Somewhere around US$100 million in dividends paid by U.S. companies were lost during 2008 to 2009 – a loss that deepened the impact of the Great Recession which emerged from the financial crisis initiated by the U.S. housing market meltdown.

Suncor’s dividend cut has eliminated almost $1.3 billion from Canada’s economy. Integrated energy major Husky also slashed its dividend by 90% after reporting a first-quarter loss of $1.7 billion, saving the company $452 million that won’t be flowing into the domestic economy. Those cuts alone have wiped out almost $1.8 billion in dividend income.

There are indications that Canadian Natural Resources and Cenovus will follow suit, particularly with oil crisis lasting longer than anticipated.

Foolish takeaway

As the value of dividend cuts grows, it will cause spending and capital inflows to diminish, impacting Canada’s economy. This will have a notable impact on self-funded retirees, forcing many to slash spending and consumption while placing greater financial stress on an already stretched Ottawa.

This article represents the opinion of the writer, who may disagree with the “official” recommendation position of a Motley Fool premium service or advisor. We’re Motley! Questioning an investing thesis — even one of our own — helps us all think critically about investing and make decisions that help us become smarter, happier, and richer, so we sometimes publish articles that may not be in line with recommendations, rankings or other content.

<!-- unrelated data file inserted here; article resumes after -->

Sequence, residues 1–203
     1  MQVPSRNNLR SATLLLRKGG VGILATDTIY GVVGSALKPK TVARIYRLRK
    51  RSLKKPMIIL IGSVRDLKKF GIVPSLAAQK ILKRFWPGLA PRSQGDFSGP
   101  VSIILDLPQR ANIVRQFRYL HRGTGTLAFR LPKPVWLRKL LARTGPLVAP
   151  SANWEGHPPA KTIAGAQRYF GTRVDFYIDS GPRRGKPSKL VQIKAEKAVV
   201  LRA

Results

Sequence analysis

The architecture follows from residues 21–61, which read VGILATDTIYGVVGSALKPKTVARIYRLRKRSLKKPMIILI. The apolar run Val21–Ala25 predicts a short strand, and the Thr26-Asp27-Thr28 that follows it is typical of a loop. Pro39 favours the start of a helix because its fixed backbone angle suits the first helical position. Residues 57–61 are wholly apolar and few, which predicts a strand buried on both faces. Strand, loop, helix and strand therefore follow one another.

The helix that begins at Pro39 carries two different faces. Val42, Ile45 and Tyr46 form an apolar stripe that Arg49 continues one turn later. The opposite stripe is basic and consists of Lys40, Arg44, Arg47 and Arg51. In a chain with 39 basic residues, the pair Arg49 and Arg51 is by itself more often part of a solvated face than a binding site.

Fool contributor Matt Smith has no position in any of the stocks mentioned.

More on Dividend Stocks

financial freedom sign
Dividend Stocks

Million-Dollar TFSA: 1 Way to Achieve to 7-Figure Wealth

Achieving seven-figure TFSA wealth is doable with two large-cap, high-yield dividend stocks.

Read more »

analyze data
Dividend Stocks

How Much Will Manulife Financial Pay in Dividends This Year?

Manulife stock's dividend should be safe and the stock appears to be fairly valued.

Read more »

food restaurants
Dividend Stocks

Better Stock to Buy Now: Tim Hortons or Starbucks?

Starbucks and Restaurant Brands International are two blue-chip dividend stocks that trade at a discount to consensus price targets.

Read more »

Hand arranging wood block stacking as step stair with arrow up.
Dividend Stocks

1 Growth Stock With Legit Potential to Outperform the Market

Identifying the stocks that have outperformed the market (in the past) is relatively easy, but selecting the ones that will…

Read more »

money cash dividends
Dividend Stocks

Passive Income: The Investment Needed to Yield $1,000 Per Annum

Do you want to generate a juicy passive-income stream? Here's a trio of stocks that can generate a yield of…

Read more »

Shopping card with boxes labelled REITs, ETFs, Bonds, Stocks
Dividend Stocks

Invest $10,000 in This Dividend Stock for $1,500.50 in Passive Income

If you have $10,000 to invest, then you likely want a core asset you can set and forget. Which is…

Read more »

IMAGE OF A NOTEBOOK WITH TFSA WRITTEN ON IT
Dividend Stocks

Here’s the Average TFSA Balance in 2024

The average TFSA balance has steadily risen over the last six years and surpassed $41,510 in 2023. Will the TFSA…

Read more »

potted green plant grows up in arrow shape
Dividend Stocks

TFSA Set and Forget: 2 Dividend-Growth Superstars for the Long Run

I'd look to buy and forget CN Rail (TSX:CNR) and another Canadian dividend-growth sensation for decades at a time.

Read more »